High school journalists gain skills, networking at Hall School’s J-Day

High school journalists from around Alabama descended on Troy University on Oct. 20 for the Hall School of Journalism and Communication’s J-Day.

High school journalists from around Alabama descended on Troy University on Oct. 20 for the Hall School of Journalism and Communication’s J-Day.

Some 400 high school journalists from around Alabama descended on Troy University on Oct. 20 for the Hall School of Journalism and Communication’s J-Day.

The event brings high school students in for a series of workshops ranging from photography to yearbook design to writing and reporting, taught by industry professionals, TROY alumni and Hall School faculty members. The students have the choice to focus on multimedia journalism (storytelling, photography, and design), broadcast journalism (storytelling, TV production and videography) or yearbook (theme, design, and photography).

WSFA Sports reporter Jahmal Kennedy talked to J-Day participants about sports reporting. (TROY photo/Mandy Atkins)
WSFA Sports reporter Jahmal Kennedy talked to J-Day participants about sports reporting. (TROY photo/Mandy Atkins)

For the students, the half-day workshop and awards presentation is action packed, but is also aimed to give them practical experience in print and broadcast journalism.

“I’m wanting to go into the field of journalism, hopefully as an editor,” said Booker T. Washington Magnet School senior Joshua Stout.

“I’m hoping to gain hands-on experience – something I can use back at my high school and also in college and outside of college,” he said.

BTW is rejuvenating its long-defunct school newspaper, and Stout is the editor. Creative Writing instructor Ken Spear, himself a 1987 Hall School graduate, is hoping The Washingtonian staff will benefit by having its editorial leadership attend J-Day.

“I think this is a great opportunity for young, aspiring journalists – even if they’re not going into journalism. They still get the experience to see what it all entails,” he said, noting that Stout and executive editor Chelsye Nichols were using the day as a “Train-the-Trainer” opportunity to take back to the school newspaper staff.

“I’m hoping to learn to better tell a story,” Nichols said. “I’m not planning to go into journalism but I hope to use the tools I’m learning in journalism and English to better prepare me for nursing school.”

High school journalists are not the only ones who benefit from attending J-Day, however. Various school clubs also have members attend to gain experience for club activities.

Lily Centener and Moriah Crowwell are both members of Future Business Leaders of America at Red Level High School near Andalusia. Both say J-Day helps them be a stronger FBLA club.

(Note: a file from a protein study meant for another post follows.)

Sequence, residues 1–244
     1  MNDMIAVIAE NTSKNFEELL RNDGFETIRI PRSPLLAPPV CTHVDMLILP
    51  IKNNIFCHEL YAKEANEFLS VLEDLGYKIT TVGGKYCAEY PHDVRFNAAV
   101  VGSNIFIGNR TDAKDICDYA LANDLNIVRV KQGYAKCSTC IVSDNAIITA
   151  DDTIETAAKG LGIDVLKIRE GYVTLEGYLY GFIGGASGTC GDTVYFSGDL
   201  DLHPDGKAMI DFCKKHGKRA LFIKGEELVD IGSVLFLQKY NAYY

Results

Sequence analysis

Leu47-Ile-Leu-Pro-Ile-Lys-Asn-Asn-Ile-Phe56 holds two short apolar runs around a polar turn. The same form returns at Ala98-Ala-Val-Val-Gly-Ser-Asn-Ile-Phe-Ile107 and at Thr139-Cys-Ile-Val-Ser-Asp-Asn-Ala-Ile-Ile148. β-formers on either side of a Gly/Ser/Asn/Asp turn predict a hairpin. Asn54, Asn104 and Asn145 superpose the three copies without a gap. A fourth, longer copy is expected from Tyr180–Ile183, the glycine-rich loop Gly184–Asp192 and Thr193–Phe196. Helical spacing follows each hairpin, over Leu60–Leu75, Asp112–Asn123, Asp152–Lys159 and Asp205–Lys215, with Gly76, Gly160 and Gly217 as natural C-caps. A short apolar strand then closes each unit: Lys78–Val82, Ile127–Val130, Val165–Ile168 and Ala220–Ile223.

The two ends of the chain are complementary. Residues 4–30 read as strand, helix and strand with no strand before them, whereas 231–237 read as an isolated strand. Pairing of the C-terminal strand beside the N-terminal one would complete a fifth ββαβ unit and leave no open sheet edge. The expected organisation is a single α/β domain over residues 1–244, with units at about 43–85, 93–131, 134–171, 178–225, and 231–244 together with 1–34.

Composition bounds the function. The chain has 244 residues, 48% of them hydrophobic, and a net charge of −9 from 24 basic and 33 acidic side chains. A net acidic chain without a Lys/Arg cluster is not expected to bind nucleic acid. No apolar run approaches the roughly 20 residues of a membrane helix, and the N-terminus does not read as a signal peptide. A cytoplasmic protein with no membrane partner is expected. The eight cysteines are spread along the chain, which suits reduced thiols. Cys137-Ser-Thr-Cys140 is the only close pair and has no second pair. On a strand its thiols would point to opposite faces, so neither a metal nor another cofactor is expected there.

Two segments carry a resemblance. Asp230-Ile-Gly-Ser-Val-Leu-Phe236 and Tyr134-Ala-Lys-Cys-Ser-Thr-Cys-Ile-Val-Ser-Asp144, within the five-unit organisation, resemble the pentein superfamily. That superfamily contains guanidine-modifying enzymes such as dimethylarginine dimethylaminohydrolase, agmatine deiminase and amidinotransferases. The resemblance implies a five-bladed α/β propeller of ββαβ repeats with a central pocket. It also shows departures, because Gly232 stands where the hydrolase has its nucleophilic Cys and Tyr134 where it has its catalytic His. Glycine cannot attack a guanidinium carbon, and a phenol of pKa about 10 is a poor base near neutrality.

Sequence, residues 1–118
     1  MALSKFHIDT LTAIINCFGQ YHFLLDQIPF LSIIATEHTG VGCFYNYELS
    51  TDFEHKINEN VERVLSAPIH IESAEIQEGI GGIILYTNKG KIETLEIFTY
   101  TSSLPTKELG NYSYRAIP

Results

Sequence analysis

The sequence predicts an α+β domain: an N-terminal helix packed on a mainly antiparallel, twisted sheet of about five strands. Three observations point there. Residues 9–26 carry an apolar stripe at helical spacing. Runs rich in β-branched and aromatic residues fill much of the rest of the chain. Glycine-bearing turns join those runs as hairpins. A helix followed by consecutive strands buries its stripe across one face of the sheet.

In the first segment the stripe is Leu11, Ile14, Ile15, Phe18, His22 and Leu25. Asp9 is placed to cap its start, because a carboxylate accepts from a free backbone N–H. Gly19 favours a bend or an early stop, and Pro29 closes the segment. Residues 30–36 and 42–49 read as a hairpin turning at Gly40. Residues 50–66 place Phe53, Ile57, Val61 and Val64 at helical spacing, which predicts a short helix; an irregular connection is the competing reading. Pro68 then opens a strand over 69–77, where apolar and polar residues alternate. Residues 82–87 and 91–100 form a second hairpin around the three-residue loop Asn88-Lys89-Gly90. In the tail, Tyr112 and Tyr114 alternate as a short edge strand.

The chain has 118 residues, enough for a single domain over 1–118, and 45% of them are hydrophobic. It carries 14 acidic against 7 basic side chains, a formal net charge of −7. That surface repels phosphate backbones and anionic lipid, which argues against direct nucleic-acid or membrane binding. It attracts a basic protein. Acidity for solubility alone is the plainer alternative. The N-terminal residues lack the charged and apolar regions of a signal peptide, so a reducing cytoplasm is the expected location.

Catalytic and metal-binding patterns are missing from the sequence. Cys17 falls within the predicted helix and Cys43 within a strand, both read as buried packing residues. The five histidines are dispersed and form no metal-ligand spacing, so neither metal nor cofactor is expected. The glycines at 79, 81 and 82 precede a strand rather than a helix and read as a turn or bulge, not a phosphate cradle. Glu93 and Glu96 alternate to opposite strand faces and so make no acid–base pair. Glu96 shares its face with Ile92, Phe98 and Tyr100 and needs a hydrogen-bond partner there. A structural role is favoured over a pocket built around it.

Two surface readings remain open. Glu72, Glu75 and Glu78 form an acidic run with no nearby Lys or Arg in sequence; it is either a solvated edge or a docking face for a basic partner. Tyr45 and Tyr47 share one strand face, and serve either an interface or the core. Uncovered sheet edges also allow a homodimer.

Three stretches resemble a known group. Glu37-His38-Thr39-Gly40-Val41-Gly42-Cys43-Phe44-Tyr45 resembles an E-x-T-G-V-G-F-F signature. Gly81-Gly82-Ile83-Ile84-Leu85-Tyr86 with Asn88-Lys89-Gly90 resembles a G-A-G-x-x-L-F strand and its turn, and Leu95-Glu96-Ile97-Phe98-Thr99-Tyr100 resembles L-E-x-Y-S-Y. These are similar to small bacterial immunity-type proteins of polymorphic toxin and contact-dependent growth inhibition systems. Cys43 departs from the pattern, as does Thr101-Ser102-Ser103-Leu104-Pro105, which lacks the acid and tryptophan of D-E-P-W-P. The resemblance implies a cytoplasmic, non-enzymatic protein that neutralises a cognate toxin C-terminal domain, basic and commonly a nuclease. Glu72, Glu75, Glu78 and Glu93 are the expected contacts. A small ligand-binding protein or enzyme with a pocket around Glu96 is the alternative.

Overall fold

“I think the best thing about J-Day is the networking we get to do – meeting other people from other schools and getting to learn new things from different perspectives,” Crowwell said.

A junior, she’s a veteran J-Day participant.

Centener said her most helpful sessions center around design, which helps the club’s marketing flyers be stronger.

For J-Day instructors, the experience is rewarding. Most classes are taught by faculty and staff members, or alumni who are working professional in the media.

This year’s line included Jahmal Kennedy’s sports reporting class. Kennedy, a Hall School alumnus, works the sports desk for Montgomery’s WSFA. The news station’s Brady Talbert, also an alumnus, covered storytelling and Hall School faculty member Stefanie East, a former WAKA news anchor, talked to students about on-air presentation. Other TROY staffers providing support were Aaron Taylor, TROY Trojanvision’s manager, and Jeff Herring, Trojanvision’s executive producer, who covered television production while TROY alumna Rachel Arnold taught design. Ellen Skrmetti handled Yearbook and Dr. Ava Tabb concentrated on social media while Melissa Voynich’s workshop centered on organizational communication for advisors and student leaders.

University Relations Coordinator Savanah Weed, also an alumna of the Hall School, taught photography.

“The students have been engaged and are asking a lot of questions — they seem very excited to be here,” she said. “They want to know more about photography, more about TROY, they want to know more about journalism, and they’re excited to be around people who can answer these questions for them.”

Students attending Troy University's Hall School of Journalism and Communication J-Day workshops learned television production. (TROY photo/Mandy Atkins)
J-Day participants on the broadcast track learned television production skills in the Trojanvision studios. (TROY photo/Mandy Atkins)
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